New at Great Ciao: Foodservice cans of Line and Rod-Caught Tuna!
After a few days in rainy Galicia, the warm sun in Basque country was a welcome relief. In a car, we climbed through the mountains on a winding highway until we reached Ondarroa, a small fishing town on the Bay of Biscay. With only 8,000 residents, fishing and canning are the life-blood of the town. A sculpture adjacent to the the fishing port pays a haunting tribute to the fisherman’s wives, waiting for their husbands who would never return from the sea.
In 1891, Conservas Ortiz established their first cannery in Ondarroa, only a few blocks from the fishing port. A hundred years ago, a horn from the docks would blast twice to signal the arrival boats carrying line and rod-caught Bonito del Norte tuna. Today, the foreman can glance at the computer to see which boats have arrived with the day’s catch, but not much else has changed. The original factory is still operating and employs many of the town’s women, who set to cooking, cleaning, and hand-packing the tuna into jars and cans as soon as a fresh catch of tuna has arrived.
Bonito del Norte (albacore) is known for its white flesh, exquisite flavor and delicate texture. This smaller breed of tuna is found in coastal waters of the Bay of Biscay in the Basque region of Spain during the summer season, when they swim north to dine on the Cantabrian anchovy. During the summer, they fatten up for their return journey south.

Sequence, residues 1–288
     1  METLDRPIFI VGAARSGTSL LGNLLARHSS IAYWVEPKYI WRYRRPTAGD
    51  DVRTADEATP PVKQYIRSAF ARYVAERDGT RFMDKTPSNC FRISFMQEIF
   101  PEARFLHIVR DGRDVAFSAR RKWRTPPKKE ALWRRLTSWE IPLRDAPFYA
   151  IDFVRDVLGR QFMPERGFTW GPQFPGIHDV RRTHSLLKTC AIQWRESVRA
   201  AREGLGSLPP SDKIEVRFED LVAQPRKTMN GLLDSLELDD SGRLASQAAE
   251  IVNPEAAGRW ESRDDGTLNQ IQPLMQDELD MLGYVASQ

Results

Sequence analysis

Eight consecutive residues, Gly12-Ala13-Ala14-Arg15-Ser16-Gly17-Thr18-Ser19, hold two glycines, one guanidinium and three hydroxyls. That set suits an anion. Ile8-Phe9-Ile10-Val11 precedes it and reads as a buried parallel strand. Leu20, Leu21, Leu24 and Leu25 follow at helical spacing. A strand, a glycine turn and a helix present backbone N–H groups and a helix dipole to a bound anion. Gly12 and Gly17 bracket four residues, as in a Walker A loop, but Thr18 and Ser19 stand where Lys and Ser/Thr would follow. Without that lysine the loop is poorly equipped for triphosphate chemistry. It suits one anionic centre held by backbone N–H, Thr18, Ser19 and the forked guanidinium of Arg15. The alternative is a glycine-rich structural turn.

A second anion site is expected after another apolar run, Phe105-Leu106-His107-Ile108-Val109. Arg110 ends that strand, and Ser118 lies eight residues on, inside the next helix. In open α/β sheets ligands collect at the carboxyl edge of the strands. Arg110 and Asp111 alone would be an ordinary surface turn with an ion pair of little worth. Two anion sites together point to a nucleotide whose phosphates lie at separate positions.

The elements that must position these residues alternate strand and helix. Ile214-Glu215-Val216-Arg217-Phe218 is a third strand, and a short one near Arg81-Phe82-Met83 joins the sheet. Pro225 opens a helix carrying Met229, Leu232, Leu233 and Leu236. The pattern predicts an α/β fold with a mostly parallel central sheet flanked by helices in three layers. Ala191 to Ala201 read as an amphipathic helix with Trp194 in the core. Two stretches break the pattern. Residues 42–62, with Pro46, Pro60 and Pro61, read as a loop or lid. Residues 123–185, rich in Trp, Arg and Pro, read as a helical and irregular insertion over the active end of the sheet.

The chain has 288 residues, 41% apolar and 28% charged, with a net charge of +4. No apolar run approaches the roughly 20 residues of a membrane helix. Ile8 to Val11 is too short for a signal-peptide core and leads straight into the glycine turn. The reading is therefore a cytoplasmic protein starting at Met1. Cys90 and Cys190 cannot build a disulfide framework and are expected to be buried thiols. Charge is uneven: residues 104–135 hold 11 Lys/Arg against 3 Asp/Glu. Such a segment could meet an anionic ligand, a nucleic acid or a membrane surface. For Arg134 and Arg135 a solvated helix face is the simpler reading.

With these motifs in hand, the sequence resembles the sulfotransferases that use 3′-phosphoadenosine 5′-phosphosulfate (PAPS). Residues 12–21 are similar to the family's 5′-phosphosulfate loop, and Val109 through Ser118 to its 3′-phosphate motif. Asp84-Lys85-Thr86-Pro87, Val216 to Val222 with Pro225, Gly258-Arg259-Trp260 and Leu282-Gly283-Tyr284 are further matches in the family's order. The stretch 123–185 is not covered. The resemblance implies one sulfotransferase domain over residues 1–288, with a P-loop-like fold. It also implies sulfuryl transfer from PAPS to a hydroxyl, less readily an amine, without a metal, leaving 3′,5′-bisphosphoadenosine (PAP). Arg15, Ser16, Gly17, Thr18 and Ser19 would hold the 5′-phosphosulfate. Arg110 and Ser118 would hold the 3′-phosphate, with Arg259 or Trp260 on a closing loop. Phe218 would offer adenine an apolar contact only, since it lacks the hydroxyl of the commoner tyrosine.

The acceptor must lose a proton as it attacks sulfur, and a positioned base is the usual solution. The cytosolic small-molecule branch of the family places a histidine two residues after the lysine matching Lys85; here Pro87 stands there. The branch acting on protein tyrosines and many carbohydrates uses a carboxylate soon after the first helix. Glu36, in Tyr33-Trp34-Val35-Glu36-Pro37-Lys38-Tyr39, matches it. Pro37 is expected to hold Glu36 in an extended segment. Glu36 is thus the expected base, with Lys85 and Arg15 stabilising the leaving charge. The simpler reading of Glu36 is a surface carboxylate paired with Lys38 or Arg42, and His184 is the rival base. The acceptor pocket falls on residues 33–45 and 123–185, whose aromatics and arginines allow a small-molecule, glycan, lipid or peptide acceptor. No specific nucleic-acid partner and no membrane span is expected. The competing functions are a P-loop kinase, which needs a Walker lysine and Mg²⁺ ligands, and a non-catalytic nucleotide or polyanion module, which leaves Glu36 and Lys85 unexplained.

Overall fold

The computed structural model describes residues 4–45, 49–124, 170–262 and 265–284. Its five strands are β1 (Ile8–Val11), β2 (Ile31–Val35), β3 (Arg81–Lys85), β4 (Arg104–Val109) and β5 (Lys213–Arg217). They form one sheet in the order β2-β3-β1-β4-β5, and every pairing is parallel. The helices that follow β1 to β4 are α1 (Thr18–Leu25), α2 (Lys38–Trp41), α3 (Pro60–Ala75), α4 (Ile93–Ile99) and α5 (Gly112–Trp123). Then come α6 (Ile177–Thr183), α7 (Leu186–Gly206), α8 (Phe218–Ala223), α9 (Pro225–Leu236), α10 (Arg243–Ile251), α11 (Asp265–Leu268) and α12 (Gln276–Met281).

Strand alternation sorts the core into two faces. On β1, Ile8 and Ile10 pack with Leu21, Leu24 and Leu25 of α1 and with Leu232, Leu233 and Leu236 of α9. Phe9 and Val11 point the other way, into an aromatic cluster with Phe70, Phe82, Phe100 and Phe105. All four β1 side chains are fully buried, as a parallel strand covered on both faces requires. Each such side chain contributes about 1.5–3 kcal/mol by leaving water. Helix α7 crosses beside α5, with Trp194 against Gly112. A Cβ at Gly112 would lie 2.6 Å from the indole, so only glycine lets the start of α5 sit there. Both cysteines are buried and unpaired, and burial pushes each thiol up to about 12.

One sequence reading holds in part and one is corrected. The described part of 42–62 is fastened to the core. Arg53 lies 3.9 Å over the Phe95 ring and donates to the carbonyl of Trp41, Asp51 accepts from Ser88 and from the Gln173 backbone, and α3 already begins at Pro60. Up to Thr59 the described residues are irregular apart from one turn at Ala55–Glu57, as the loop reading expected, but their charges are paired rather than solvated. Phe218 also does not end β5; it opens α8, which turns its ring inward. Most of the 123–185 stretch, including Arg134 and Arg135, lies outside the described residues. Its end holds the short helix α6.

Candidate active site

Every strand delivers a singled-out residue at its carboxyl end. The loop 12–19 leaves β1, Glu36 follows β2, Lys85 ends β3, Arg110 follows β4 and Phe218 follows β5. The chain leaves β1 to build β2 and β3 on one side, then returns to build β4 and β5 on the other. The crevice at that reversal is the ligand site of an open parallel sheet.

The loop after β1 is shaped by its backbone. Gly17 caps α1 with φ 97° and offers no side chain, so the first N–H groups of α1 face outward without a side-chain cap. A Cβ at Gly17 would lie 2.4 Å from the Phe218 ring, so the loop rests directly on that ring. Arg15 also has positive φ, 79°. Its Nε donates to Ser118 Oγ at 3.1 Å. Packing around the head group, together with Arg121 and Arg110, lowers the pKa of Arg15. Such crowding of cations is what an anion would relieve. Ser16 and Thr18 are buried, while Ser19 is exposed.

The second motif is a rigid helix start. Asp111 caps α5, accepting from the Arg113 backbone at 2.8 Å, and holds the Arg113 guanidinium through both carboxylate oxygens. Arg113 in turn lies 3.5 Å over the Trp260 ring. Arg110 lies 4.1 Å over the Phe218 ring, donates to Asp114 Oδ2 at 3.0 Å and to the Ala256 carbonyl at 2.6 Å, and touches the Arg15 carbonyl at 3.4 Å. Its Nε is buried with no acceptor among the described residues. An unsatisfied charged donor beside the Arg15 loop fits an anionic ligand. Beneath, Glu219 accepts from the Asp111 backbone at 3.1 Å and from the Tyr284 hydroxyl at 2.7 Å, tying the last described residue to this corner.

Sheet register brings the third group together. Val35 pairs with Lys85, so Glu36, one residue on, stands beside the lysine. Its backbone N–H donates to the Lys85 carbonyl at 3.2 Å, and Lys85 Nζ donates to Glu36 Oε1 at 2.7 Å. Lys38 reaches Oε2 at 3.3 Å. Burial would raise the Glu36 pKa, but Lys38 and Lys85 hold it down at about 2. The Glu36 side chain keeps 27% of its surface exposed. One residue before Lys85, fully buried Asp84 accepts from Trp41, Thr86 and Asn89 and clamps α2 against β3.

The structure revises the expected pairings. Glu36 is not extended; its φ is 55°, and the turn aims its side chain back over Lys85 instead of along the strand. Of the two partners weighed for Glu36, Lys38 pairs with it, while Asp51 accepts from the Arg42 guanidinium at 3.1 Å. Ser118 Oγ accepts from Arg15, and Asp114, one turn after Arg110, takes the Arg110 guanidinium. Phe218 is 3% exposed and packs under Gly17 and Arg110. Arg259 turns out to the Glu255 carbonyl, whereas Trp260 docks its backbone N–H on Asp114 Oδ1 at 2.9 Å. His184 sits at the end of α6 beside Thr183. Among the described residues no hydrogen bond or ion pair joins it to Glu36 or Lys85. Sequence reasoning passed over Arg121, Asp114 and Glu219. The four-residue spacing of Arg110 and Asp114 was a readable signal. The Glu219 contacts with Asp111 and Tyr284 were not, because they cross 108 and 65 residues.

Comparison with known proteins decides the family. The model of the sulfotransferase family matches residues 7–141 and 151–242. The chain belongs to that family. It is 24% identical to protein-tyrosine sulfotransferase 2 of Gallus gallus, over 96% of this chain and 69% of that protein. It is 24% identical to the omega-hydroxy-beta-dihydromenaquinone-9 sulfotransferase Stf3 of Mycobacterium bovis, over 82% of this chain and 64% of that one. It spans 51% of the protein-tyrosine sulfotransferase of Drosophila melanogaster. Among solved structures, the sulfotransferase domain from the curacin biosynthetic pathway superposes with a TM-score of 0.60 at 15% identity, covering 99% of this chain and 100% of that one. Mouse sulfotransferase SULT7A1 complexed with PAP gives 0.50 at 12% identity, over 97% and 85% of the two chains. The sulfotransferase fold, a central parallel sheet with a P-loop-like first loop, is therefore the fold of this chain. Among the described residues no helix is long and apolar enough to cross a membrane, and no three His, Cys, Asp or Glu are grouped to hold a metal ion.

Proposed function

The best tuna is caught toward the end of the summer when the fish are nice and fat. Each tuna is individually caught using a pole and line, not with trauling nets or lines, making them fully dolphin safe. Once the fishermen arrive at the docks with the day’s catch, the highest grade tuna are bought by Ortiz. The fish are processed right on the docks within twenty four hours of being caught, cooked in seawater, and canned in olive oil.
Pictured above clockwise: Bonito del Norte tuna after being cooked in saltwater, a factory worker cleaning each fillet by hand, a worker hand-packing whole cuts of loin into cans, Ortiz’s destinctive colorful tins.
The Spanish are known for preserving their best foods in cans and jars, and tuna is no exception. Unlike most mass-produced canned tuna, Ortiz makes their’s from the best fish they can source, within hours of being caught. We love Ortiz because rather than getting mashed flakes of tuna you get big cuts of loin (pictured above). When tuna is packed in olive oil, it actually improves with age, which is why Ortiz holds their finished product for at least three months before sending it to customers. The price on Ortiz’s food-service sized tins is comparable to the Italian oil-packed tuna we’ve carried in the past. For such a superior product, it’s really a no-brainer, and we are thrilled to have it to offer.
P.S. – If you are looking for a tuna epiphany, we have Ortiz’s ventresca (belly-cut) tuna in olive oil. Before the whole Bonito del Norte tunas are cooked in seawater, the bellies are removed and cooked separately. Packed in olive oil, tuna belly is buttery and succulent. The most prized Ventresca has been aged in tins between seven and ten years, but we can never get it to last that long before we break down and eat it.
Please call us at 612.521.8725 with questions regarding pricing or availability; we love to talk about food. Happy Eating!